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Top 8 Supervisor Interview Questions

supervisor interview questions

Whether you are interviewed as an internal or external applicant, supervisor positions are extremely competitive.

In essence, a team of 10 people may all be gunning for the promotion. Or, you may be up against a plethora of external applicants, all looking for their next stepping stone to upper management.

How you answer Supervisor Interview Questions will be a huge determining factor. Supervisors need to be prepared, know the business well, and be able to think quickly on their feet.

Here are some examples of the questions you can expect and how to answer them:

Supervisor Interview Questions Examples

1 – What makes you qualified to be a supervisor?

If you have experience or a management qualification, you should definitely lead with that. List all the hard skill aspects you can confidently handle.

These could be skills such as employee scheduling, cash-ups, and balancing books after shifts. Your knowledge of company policies and safety protocols, and your understanding of each team member who may work under you.

Include your hard and soft skills…

Then move over to the soft skills you will need for the job. These could be conflict resolution, team motivation, communication skills, and your ability to react calmly during an emergency.

Problem-solving and crisis management skills are a combination of hard and soft skills as you will need the know-how along with critical thinking abilities. You can finish your answer with a few examples of leadership roles you have had in the past and how you have handled a crisis.

2 – How would you handle a problem employee?

As a supervisor, you have to take charge of disciplinary action and keep employees in line. However, this is not the place to become power-hungry. You can start by saying that you would study company policy to be prepared and refer back to it if need be.

Your actions in enforcing discipline will always reflect the standard as set forth by the company. If a situation is complex, you will consult your own superior or HR for guidance. If it is a small, first, or second-time offense, it could easily be remedied to not be repeated. Try offering a counseling session to the employee to address any issues that they may have that may have resulted in the offense.

Every situation is different…

An example of this could be that an employee was tardy because their babysitter called in sick at the last minute, or something else happened that was beyond their control. To remedy the situation, the employee is reminded that they should call in and let you know that they will be late, and they will be expected to make up the time.

With bigger incidents such as insubordination or repeated offenses, a company policy with clear instructions on consequences such as a disciplinary hearing can be followed; however, everything should always be done by the book. This not only protects employee rights but will protect the company against legal action for unfair dismissal as well.

Feeling safe in your work environment…

Employees who know that they will not be inappropriately disciplined or harassed will likely feel better working under you as well because it will not be a hostile work environment. In the same breath, they will also know that there are indeed consequences to not following the rules.

3 – How would you fire an employee?

This is usually the follow-up to handling a problem employee. Once it comes to the point where an employee is supposed to be fired, it can be dreadful, but it has to be done. Being tactful and considerate is key, as in some cases, an employee may need to be let go for a variety of possible reasons, other than being a bad employee or doing something wrong.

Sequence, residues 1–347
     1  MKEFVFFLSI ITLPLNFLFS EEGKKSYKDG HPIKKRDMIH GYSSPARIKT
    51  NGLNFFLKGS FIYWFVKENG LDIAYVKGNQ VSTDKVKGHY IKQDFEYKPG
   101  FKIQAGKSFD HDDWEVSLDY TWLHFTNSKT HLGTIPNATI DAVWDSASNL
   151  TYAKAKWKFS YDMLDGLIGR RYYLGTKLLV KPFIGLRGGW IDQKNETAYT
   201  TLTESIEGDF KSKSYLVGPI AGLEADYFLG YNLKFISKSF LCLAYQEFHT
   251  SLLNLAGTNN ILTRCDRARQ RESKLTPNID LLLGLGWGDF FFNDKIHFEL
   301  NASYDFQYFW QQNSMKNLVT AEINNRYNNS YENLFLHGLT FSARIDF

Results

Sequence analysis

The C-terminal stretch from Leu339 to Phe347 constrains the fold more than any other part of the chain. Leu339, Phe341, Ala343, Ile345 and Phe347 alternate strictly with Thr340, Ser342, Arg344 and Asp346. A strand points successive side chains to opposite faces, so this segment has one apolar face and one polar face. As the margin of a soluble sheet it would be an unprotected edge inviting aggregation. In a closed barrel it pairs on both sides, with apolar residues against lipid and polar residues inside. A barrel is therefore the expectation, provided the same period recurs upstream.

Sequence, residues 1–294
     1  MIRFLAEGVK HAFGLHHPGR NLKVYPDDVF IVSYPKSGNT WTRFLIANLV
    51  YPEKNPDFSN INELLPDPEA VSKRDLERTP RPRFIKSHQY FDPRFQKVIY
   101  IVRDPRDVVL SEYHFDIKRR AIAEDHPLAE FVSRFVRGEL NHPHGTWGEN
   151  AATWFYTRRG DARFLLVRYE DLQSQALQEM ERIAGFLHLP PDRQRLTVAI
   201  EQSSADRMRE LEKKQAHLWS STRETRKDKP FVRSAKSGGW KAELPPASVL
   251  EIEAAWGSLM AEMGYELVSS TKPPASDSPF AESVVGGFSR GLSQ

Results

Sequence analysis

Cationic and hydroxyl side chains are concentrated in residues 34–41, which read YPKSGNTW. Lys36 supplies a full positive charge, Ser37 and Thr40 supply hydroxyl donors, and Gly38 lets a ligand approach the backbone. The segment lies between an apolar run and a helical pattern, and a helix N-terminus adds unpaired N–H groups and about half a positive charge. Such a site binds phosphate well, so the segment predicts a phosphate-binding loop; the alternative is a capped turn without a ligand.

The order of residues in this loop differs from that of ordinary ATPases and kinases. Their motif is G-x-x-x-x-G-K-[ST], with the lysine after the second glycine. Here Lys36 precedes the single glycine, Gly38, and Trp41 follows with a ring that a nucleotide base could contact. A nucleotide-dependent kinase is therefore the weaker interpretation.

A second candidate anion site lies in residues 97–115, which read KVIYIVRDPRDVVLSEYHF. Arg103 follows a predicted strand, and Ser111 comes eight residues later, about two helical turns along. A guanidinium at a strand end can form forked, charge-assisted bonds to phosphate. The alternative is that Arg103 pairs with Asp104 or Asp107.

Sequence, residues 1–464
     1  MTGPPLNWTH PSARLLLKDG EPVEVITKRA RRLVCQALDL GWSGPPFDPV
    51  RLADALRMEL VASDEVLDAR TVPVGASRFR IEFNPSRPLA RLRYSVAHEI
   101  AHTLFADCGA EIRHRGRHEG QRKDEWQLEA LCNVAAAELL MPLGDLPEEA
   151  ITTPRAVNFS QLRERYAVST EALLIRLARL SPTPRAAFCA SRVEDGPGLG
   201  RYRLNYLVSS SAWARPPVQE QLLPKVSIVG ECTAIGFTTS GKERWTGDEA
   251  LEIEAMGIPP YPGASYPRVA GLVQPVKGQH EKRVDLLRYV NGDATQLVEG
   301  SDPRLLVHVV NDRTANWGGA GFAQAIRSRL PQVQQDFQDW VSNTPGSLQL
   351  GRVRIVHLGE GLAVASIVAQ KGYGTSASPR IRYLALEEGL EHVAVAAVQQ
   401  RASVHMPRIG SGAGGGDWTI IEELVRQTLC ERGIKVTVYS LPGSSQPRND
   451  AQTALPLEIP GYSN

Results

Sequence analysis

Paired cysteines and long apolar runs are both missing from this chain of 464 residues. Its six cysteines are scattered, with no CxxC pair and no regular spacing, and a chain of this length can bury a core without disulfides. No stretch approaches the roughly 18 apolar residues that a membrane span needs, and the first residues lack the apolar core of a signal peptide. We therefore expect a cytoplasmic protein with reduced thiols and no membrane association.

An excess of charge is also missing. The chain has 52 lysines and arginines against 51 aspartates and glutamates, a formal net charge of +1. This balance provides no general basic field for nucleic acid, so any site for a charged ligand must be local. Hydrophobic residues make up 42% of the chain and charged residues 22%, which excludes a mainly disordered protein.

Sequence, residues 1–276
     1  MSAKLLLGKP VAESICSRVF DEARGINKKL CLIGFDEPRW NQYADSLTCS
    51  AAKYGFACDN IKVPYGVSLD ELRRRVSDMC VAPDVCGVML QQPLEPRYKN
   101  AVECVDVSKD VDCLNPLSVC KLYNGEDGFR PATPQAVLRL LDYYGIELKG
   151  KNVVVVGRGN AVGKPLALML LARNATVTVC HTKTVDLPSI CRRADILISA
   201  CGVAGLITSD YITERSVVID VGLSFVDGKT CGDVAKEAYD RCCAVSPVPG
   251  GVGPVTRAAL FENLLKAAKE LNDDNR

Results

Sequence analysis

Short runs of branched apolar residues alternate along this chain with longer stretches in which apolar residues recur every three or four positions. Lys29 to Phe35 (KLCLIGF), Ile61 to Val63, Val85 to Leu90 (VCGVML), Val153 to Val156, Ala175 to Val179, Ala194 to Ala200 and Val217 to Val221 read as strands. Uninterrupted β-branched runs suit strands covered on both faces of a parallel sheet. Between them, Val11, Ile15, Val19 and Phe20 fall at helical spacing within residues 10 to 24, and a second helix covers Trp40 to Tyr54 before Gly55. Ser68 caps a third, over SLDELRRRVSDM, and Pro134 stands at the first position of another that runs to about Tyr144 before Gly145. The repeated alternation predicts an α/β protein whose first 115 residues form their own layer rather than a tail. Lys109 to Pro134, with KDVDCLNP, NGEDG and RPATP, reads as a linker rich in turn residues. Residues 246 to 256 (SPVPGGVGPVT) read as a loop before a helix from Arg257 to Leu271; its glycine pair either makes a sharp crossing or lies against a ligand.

In any event, it is best to treat all employees the same. Explain that you will take them to a private area and explain to them why they are being let go. Follow up the explanation by clarifying everything that is expected of them.

Make it crystal clear…

Whether or not they can leave straight away, when they would have to return a uniform, possible handover of things like employee ID, things only they would have access to for work purposes like a work cellphone or laptop.

Also, note that if the situation allows for it and you feel comfortable leaving the employee alone for a few minutes, you would give them a few minutes to process the information by themselves. It may be an emotionally stressful moment for them, and they could use the time to self-regulate before having to return to their work station and face their coworkers with the news.

You don’t want a messy dismissal…

The last step would be to have paperwork and everything ready by the time they collect their last paycheck, so they may be able to file for unemployment if applicable. If you can give them a neutral or positive reference letter or certificate of service, this may help you as the supervisor, the company itself, and the employee to part on better terms.

It is understandable that not every situation will go this way; some employees will be upset and may cause a fuss. If you suspect this might be the case, you can have security nearby to intervene should the employee react aggressively.

4 – How do you keep employees motivated to go the extra mile?

the extra mile

This is one of the easiest answers, although most managers and supervisors get it wrong. The go-to answer is usually something along the lines of “team-building.” However, many people dread the idea of giving up their time off to spend with co-workers, to build a river-raft or something.

Instead, answer how you will advocate for performance incentives. For example, office treats like spoiling everyone with pizza on the last Friday of the month, a company-sponsored fun day instead of work.

Incentives are always effective!

Something as simple as getting a cake for the office when it is someone’s birthday is usually a great bonding moment for a team, to spend 10 minutes eating and celebrating together before resuming work.